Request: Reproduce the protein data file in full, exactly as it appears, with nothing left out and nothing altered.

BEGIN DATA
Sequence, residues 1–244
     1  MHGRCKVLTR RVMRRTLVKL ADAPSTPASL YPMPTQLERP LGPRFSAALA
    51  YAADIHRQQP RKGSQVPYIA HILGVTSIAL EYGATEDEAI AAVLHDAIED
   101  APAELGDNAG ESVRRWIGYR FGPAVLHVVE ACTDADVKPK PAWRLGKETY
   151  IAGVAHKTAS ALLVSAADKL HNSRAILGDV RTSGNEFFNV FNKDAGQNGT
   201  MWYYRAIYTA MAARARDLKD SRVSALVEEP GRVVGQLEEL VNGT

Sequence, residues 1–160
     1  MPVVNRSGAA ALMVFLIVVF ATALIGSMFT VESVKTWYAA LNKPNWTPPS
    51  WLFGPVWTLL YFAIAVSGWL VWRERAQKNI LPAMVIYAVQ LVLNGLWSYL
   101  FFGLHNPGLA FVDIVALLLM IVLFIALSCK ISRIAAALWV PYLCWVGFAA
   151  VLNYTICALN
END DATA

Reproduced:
Sequence, residues 1–244
     1  MHGRCKVLTR RVMRRTLVKL ADAPSTPASL YPMPTQLERP LGPRFSAALA
    51  YAADIHRQQP RKGSQVPYIA HILGVTSIAL EYGATEDEAI AAVLHDAIED
   101  APAELGDNAG ESVRRWIGYR FGPAVLHVVE ACTDADVKPK PAWRLGKETY
   151  IAGVAHKTAS ALLVSAADKL HNSRAILGDV RTSGNEFFNV FNKDAGQNGT
   201  MWYYRAIYTA MAARARDLKD SRVSALVEEP GRVVGQLEEL VNGT

Sequence, residues 1–160
     1  MPVVNRSGAA ALMVFLIVVF ATALIGSMFT VESVKTWYAA LNKPNWTPPS
    51  WLFGPVWTLL YFAIAVSGWL VWRERAQKNI LPAMVIYAVQ LVLNGLWSYL
   101  FFGLHNPGLA FVDIVALLLM IVLFIALSCK ISRIAAALWV PYLCWVGFAA
   151  VLNYTICALN